Next on the list were boat projects.  When we had furled in the main sail as we were close to La Coruna, it wasn't tucked in perfectly.  So when we tried to fix it, the furling motor gave us an issue and the sail wouldn't come out or go in.  The furling motor issues almost stopped us from launching Terrapin last October, so it is a sensitive and frustrating problem.  Baxter waited until a calm morning and then he and Dan manually unfurled the main, took it off the furling rod, took the boom off, and made sure everything was working properly and connected to power.  Once all was verified, the process was reversed and the sail was reattached, furled in, and boom back on the mast.  As soon as the sail was back on, the wind picked up significantly so we were pretty lucky our timing was right.  Since that didn't resolve the furling motor issue, Baxter continued to troubleshoot down below.  Long story as short as it can be, the problem seems to have been a 10 amp fuse which has been replaced.  Fingers crossed it continues to work.

Since arriving in Spain, we continued to check the weather to head to Ireland and every day for 10 days, the wind was directly from the north, exactly the direction we wanted to go.  Since sailboats can't sail into the wind - that was stopping us from leaving for Ireland.  One day, we saw in the long range forecast, a glimpse of a turn - though just a slight turn, it was enough to get us north.  If we didn't take this opportunity, we may not be going anywhere except south back to the Caribbean.  We confirmed the long range forecast with our weather router and headed north out of the Bay of Biscay aiming for the Celtic Sea!
The Tower of Hercules was the first sight as we sailed close to shore.
Happy dog walking around the center of town
Carmen, patron saint for people of the sea
Adventure Doggie!!  She is a true sailor with over 9,000 miles since October 2016
Raising the country flag after checking into Spain
Our slip at Marina Coruna
Cool city logo for A Coruna
The Snipe (type of dinghy) World Championships were in A Coruna while we were there - this is the US team rigging their boats before the races.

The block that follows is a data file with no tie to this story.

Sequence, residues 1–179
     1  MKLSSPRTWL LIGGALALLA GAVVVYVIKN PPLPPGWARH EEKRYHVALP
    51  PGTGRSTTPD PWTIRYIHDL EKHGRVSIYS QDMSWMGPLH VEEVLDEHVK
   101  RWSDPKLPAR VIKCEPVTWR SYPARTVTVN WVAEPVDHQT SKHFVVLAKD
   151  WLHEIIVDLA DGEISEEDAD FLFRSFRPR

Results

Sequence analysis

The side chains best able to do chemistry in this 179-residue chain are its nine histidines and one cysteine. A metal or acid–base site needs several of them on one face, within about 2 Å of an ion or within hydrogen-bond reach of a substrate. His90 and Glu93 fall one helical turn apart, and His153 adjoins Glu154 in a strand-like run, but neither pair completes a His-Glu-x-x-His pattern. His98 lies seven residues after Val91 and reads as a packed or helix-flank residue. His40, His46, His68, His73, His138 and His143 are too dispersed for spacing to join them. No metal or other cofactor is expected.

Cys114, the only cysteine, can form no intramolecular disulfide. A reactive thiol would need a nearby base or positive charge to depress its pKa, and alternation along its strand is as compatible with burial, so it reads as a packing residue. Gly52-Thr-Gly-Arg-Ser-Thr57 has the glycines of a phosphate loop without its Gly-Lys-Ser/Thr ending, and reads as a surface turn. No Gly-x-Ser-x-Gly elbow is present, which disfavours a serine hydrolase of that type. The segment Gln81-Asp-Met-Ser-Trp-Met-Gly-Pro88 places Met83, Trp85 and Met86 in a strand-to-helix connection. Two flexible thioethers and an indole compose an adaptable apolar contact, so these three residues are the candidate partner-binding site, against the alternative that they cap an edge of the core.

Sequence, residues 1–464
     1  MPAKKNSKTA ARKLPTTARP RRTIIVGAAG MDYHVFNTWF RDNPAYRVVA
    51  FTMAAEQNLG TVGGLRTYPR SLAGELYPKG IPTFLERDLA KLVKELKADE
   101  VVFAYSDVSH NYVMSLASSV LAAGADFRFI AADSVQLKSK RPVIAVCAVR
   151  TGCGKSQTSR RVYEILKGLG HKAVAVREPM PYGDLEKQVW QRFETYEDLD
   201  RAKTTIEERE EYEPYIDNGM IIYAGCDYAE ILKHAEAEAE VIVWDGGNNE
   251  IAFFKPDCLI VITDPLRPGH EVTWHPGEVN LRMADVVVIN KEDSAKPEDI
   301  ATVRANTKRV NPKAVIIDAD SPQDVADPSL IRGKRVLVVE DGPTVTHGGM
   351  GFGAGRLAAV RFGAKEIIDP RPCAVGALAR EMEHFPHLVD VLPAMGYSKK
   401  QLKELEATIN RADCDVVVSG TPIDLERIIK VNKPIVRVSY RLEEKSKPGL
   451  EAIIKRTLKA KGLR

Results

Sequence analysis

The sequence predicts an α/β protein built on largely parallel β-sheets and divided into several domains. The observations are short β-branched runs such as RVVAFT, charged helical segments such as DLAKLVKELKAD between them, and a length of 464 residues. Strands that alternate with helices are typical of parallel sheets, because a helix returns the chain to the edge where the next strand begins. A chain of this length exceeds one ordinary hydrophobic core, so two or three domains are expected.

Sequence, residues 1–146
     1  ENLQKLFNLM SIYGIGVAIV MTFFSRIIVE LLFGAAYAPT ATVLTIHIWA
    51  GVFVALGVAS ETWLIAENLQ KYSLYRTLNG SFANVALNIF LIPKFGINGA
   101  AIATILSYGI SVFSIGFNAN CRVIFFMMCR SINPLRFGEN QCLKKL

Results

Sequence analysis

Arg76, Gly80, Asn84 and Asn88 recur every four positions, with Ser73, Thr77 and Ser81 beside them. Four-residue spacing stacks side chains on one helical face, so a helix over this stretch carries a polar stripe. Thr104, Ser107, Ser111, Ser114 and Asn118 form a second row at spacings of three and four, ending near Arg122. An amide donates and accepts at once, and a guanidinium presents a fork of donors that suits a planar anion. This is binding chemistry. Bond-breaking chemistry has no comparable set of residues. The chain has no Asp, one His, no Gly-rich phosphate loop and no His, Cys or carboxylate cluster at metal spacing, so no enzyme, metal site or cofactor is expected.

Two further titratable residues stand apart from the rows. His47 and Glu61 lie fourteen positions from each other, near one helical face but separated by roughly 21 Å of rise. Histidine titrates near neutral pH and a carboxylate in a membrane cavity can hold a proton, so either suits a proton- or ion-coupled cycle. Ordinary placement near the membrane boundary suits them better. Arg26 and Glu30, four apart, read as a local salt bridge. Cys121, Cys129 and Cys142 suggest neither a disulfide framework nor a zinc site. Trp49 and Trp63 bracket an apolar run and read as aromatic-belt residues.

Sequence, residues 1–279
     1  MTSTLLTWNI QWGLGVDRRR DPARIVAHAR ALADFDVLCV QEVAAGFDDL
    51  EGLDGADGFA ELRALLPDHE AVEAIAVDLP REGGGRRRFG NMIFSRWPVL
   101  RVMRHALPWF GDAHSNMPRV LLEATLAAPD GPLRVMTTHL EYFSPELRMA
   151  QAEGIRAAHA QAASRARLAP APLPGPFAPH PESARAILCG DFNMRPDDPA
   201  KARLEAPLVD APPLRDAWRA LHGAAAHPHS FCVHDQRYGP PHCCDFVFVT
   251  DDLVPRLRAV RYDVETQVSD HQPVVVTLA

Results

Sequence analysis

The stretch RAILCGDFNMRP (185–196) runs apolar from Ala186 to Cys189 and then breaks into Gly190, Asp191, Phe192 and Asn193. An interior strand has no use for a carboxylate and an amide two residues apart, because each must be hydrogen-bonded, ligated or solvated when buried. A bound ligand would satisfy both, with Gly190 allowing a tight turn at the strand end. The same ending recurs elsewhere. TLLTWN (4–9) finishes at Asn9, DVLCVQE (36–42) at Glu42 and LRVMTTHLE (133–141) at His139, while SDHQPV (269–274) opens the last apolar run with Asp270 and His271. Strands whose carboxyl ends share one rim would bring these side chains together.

Very cool byzantine architecture.
City Hall...pretty nice
Tower of Hercules - oh, and a happy dog running through the fields
Costa de la Muerta - "Coast of Death" because of the jagged rocks on the west coast of the Iberian Peninsula
Maria Pita - After her husband was killed, she led a force to fight off the British who then retreated.  
The streets of Spain
Even rainy days are fun!  The glassed in balconies on the buildings are unique to La Coruna.  
After a month, we had lots of laundry on Terrapin.  Unfortunately the dryers at the marina were gone so we took up shop here at La Lavenderia.  The lady in the purple pants was not happy she had to wait.
We even had internet at La Lavenderia.
Our daily walk for Kala along the harbor.  You can't tell but Kala could see the water through the slots in the wall.
Breogan - who legend has it could see Ireland from Spain and sailed there and conquered the Irish people...
You can read the legend in any of the three language options

Taking pics of Baxter taking pics
I wonder if this is how Breogan sailed to Ireland
Every church in Spain inspires a person to take a picture.  The architecture is intricate, delicate and remarkable. 
A Baba 40, another Bob Perry designed boat, pulled in alongside us in Marina Coruna.  
Walking out to the end of the jetty that protects La Coruna
A music festival took place while we were in La Coruna - unfortunately, the music usually started around 9 pm - much later than I can stand to be awake.  This band, who set up stage in front of a 15th century monastery, was pretty cool.  
We were having more issues with our in mast furling so we decided to take the main sail off, take the topping lift off, take the boom off, and then make sure the connections to the motor were solid.  Then of course we had to reverse the process and get the main sail back on the mast before the wind picked up.
Examining the Control Cylinder for the In-Mast furler to see if we can find an obvious issue.
The culprit (in Dan's left hand) a 10 amp fuse.  Dan looks happy to have the issue resolved, Baxter looks frustrated that it took 4 hours to resolve.